The Department for Business, Innovation and Skills (BIS) has recently announced its intention to create a statutory Code of Conduct to regulate the relationship between pub companies and their tied tenants.
BIS has concluded that the voluntary code agreed at the end of 2011 has not been sufficiently effective, and that statutory regulation is required. Whilst it states that it considers the tied tenancy to be a valid business model where it is not abused, it clearly considers that such abuse has continued to take place despite the operation of the voluntary code.
Operation of the Code
The Code will have two levels, a ‘Core Code’ that will apply to all tied tenants, and an ‘Enhanced Code’ that will apply only to pub companies owning more than 500 tied outlets. BIS say that one of the main aims of the Code will be to ensure that the tied tenant should be no worse off than the free-of-tie tenant.
The ‘Core Code’ will provide tied tenants with:
- increased transparency
- the right to request an open market rent review (if they haven’t had one for 5 years)
- fair treatment
- the right to source gaming machines otherwise than through the landlord
- the right to take disputes to an independent adjudicator.
BIS will consult further on the detail of the rather broad brush outline above, and in particular how to provide that tenants can require an open market rent review in certain circumstances such as the pub company significantly increasing drinks prices.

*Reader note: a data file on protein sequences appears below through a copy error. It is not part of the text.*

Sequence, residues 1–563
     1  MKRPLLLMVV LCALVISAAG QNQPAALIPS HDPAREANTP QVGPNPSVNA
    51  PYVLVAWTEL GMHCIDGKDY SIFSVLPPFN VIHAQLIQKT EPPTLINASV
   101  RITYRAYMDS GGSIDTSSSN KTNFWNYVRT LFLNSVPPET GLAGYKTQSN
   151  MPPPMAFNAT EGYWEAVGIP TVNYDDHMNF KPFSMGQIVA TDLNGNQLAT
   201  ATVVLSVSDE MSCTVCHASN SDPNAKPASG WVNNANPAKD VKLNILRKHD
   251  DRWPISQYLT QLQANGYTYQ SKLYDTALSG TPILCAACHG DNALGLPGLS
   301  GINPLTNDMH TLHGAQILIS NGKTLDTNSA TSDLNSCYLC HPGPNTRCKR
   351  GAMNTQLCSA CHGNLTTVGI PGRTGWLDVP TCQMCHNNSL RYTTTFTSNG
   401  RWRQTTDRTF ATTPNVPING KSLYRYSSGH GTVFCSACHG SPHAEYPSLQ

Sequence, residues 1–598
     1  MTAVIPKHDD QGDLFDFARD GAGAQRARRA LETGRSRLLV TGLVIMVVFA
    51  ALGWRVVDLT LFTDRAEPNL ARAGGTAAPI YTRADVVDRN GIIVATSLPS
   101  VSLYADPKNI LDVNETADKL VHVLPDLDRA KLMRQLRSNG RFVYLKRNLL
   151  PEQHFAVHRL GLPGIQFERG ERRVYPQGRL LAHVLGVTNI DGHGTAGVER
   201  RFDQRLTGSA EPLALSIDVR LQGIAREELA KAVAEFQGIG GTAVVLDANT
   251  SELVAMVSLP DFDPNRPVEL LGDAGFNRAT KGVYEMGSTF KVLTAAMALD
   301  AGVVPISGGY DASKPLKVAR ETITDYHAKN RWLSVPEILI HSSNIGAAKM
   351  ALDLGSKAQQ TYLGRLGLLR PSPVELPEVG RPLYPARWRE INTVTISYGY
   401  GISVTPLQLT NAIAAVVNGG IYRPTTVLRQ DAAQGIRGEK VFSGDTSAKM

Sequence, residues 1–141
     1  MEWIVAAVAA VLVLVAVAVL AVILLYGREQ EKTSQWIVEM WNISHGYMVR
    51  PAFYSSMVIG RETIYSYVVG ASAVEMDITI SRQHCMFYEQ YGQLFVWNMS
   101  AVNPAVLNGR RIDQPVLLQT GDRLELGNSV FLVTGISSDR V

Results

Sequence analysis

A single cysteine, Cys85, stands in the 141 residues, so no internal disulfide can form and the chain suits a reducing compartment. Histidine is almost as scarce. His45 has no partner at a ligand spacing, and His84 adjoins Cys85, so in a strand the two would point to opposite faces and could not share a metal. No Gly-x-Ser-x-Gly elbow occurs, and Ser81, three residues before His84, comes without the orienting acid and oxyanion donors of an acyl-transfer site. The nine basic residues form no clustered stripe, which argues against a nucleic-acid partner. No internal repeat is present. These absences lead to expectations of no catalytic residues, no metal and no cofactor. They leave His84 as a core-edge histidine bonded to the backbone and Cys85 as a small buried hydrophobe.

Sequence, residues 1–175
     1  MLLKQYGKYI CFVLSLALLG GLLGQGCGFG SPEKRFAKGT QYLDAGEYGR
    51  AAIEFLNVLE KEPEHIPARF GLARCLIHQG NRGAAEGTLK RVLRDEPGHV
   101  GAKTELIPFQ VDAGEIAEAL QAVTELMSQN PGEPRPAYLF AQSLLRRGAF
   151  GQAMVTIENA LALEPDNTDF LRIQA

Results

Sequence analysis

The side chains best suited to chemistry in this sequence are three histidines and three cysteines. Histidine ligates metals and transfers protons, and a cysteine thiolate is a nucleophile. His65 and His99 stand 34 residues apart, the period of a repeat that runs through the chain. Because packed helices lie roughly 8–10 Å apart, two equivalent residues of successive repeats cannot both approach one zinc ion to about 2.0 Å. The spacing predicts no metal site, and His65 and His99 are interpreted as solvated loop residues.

The ‘Enhanced Code’ will require pub companies with more than 500 tied houses to offer both tied and free-of-tie tenancies to new tenancies and to existing tied tenants at the time of their review. The intention is that this right would arise if the parties have been unable to reach agreement on a tied rent offer, and the tenant would have to pay the adjudicator £200. The aim is to incentivise the landlord to ensure its offer for tied tenants is equivalent to that to free-of-tie tenants, by giving the tenant such rights, and to incentivise tenants not to refer cases to the adjudicator that have no merit, by imposing a fee.
Micro-businesses are excluded from the Code, but will be able to opt into the Core Code on a voluntary basis. It is not clear at this stage what the threshold will be to qualify as a micro-business in this context.
The Code will be overseen by and independent adjudicator, which will have wide powers to:
- enforce the Code, including the power to impose fines and other sanctions
- arbitrate disputes
- investigate systemic breaches
- provide advice on the interpretation of the Code.
The adjudicator will be funded by a levy on the pub companies based on the number of outlets owned, the current estimate being around £90 per pub.
What has not been included?
BIS has decided not to include a number of elements that were originally under consideration, including:
- giving tenants an automatic right to require a free-of-tie tenancy – BIS had concerns this would cause uncertainty in the sector and thus affect investment in it.
- a right to have a guest beer in the Code – BIS felt this would risk undermining the whole tie concept with unscrupulous tenants choosing for example best-selling draught lager rather than the occasional real ale the provision would be aimed at.
- abolishing gaming machine ties altogether – as noted above, tenants will be entitled to source gaming machines on a tied or non-tied basis.
- exempting ‘franchises’ from the Code – BIS felt that there was a significant risk that pub companies would re-label their tied tenancies as franchises to avoid the Code.
This article is © Endeavour Partnership LLP 2014 and may not be reproduced without our express permission.
This article is a general summary and should not be relied upon in the place of seeking professional advice in respect of any specific situation.
No responsibility can be accepted for any actions based on the information in this article.